The smart and active developers don't really concern me. What does concern me are applications that won't run in Rosetta at all. There may be a couple, judging by the Universal Binary docs Apple posted - AltiVec apps will not work at all, nor will G4 and G5 specific apps. Also problematic may be applications that do actually run but perform badly. Photoshop sure did take forever to load on Steve's Pentium and I took note of the fact that he didn't bother to demo any intensive filters/plug-ins. He applied some cheesy little effect which is not any sort of measure of speed for Photoshop, believe me. He seemed to be hell bent on blazing through the Photoshop demo. I didn't consider it impressive at all. But I'll certainly be happy if they improve it in the next year. If it works as well as the 68K translator did back in the good old days, this won't be a major issue.

However, for those apps that do perform poorly or simply don't work at all, users will either have to pay another hefty premium for upgrades they may not otherwise have bothered/wanted to acquire, or if the developer is no longer around or supporting the product you're basically screwed. This isn't even mentioning the fact that classic will be left entirely in the dust. I can't say I blame them, but staying with PowerPC would have guaranteed at least quite a few more years of being able to run old applications and games.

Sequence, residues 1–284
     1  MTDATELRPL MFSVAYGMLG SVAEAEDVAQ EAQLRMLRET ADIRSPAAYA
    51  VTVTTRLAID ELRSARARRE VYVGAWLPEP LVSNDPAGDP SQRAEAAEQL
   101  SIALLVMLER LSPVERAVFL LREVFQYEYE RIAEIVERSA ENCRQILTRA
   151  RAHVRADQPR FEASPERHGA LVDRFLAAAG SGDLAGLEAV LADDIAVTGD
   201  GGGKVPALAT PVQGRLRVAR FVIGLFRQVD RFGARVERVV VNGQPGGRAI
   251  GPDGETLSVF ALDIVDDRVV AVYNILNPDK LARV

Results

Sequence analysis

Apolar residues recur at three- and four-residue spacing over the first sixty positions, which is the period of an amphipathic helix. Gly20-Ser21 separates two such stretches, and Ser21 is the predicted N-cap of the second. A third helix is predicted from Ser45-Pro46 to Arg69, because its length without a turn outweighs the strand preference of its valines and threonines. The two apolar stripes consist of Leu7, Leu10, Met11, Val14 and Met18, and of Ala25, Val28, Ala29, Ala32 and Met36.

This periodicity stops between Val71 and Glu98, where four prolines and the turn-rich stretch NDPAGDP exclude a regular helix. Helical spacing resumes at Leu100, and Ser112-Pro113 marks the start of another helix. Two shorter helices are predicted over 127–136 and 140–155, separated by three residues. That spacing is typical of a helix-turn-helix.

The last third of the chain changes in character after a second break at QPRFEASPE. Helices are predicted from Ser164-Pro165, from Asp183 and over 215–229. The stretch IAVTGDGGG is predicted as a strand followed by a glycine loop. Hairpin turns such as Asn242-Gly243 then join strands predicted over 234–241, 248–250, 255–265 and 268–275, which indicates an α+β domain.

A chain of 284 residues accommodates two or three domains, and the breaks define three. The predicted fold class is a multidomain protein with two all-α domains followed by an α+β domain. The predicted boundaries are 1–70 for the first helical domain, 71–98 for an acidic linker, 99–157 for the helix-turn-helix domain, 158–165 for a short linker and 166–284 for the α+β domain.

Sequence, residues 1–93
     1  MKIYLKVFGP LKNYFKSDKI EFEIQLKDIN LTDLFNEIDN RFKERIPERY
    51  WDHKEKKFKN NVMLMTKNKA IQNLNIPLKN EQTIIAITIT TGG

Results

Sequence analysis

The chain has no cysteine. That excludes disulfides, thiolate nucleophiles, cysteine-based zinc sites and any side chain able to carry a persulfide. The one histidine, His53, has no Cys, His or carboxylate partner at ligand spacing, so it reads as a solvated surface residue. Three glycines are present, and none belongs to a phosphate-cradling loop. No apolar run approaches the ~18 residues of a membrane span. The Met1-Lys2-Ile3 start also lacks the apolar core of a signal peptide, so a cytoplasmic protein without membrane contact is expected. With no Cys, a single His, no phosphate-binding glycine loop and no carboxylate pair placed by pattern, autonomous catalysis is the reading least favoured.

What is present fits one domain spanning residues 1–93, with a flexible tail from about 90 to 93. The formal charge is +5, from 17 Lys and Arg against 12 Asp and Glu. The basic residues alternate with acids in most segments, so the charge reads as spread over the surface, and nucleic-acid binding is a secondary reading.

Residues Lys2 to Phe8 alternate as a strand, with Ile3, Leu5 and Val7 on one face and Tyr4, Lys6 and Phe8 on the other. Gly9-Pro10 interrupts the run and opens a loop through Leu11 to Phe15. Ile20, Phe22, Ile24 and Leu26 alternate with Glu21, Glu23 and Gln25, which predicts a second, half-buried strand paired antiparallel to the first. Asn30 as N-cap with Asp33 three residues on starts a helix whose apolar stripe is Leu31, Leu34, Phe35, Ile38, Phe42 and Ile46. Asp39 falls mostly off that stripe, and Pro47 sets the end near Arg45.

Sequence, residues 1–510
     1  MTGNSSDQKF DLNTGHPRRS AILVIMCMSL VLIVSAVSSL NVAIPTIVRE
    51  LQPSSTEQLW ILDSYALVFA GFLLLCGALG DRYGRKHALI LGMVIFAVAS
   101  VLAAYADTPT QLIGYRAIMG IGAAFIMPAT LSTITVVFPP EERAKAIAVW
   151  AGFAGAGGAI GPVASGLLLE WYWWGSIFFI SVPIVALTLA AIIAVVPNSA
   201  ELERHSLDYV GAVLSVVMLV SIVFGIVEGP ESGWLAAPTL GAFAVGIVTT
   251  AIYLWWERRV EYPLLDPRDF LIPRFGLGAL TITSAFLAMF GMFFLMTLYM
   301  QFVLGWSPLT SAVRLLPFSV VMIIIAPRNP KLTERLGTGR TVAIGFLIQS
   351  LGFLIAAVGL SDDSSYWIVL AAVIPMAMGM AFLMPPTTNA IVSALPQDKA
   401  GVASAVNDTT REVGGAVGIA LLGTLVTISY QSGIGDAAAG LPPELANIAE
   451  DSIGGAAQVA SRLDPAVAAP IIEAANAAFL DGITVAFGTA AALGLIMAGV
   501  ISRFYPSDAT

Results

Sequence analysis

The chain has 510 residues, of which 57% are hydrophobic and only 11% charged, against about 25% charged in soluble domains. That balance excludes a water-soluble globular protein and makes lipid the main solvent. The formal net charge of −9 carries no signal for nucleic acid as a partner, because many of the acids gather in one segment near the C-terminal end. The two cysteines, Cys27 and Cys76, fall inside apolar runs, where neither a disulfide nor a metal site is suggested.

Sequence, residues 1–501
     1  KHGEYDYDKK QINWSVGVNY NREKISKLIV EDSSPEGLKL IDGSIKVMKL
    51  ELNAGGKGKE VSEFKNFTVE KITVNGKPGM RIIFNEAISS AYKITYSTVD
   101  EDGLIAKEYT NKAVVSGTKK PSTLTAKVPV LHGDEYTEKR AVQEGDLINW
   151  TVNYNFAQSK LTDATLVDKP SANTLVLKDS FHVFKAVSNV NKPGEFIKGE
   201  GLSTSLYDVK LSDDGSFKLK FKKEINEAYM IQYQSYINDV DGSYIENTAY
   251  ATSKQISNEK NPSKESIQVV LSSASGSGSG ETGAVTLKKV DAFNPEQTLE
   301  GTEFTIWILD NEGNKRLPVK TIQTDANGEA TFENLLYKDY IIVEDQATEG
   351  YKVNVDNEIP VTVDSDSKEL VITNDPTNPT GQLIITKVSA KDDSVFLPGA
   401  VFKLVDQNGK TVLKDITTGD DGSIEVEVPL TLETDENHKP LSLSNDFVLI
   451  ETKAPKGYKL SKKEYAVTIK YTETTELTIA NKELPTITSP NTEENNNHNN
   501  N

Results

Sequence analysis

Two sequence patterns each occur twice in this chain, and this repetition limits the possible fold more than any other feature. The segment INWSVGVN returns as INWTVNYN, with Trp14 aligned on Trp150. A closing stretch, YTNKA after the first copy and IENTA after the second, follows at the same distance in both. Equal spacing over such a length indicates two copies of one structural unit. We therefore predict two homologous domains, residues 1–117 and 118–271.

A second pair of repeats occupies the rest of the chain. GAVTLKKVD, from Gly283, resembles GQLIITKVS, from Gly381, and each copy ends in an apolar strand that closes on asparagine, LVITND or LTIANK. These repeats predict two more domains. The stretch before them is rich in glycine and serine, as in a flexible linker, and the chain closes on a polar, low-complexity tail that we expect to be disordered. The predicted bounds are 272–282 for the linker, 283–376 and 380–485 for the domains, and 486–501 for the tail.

[soapbox]Just because it will work doesn't mean x86 is a good architecture. As much money as Intel is pouring into this, mark my words, they are going to run into a dead end. And I'll bet they'll reach that dead end long before PowerPC (or its derivates such as Cell) do. As long as Apple doesn't permanently close the door on PowerPC/RISC I won't be bitching all the time.[/soapbox]
post #175 of 425
He never did mention dual processor or dual-cores in his presentation...

Concerned...
post #176 of 425
Quote:
Originally posted by TheOtherRob
Just a couple of things for people to keep in mind:

1. These days, the whole 'PowerPC vs Intel' thing isn't really anything more than posturing. People developed an allegience to it because that's what was inside the box, and difference encourages disproportionate notions of superiority.

2. APPLE ARE A COMPANY. They're not your friend and they're not your Messiah. To be perfectly blunt, it all comes back to the shareholders. Jobs' number one priority is always, ALWAYS, to return a maximum dividend for shareholders - that's his job.

-TheOtherRob


BRAVO! First post in this thread that is actually based on reality.

I switched (couple years ago) from windows to a mac for the following reason: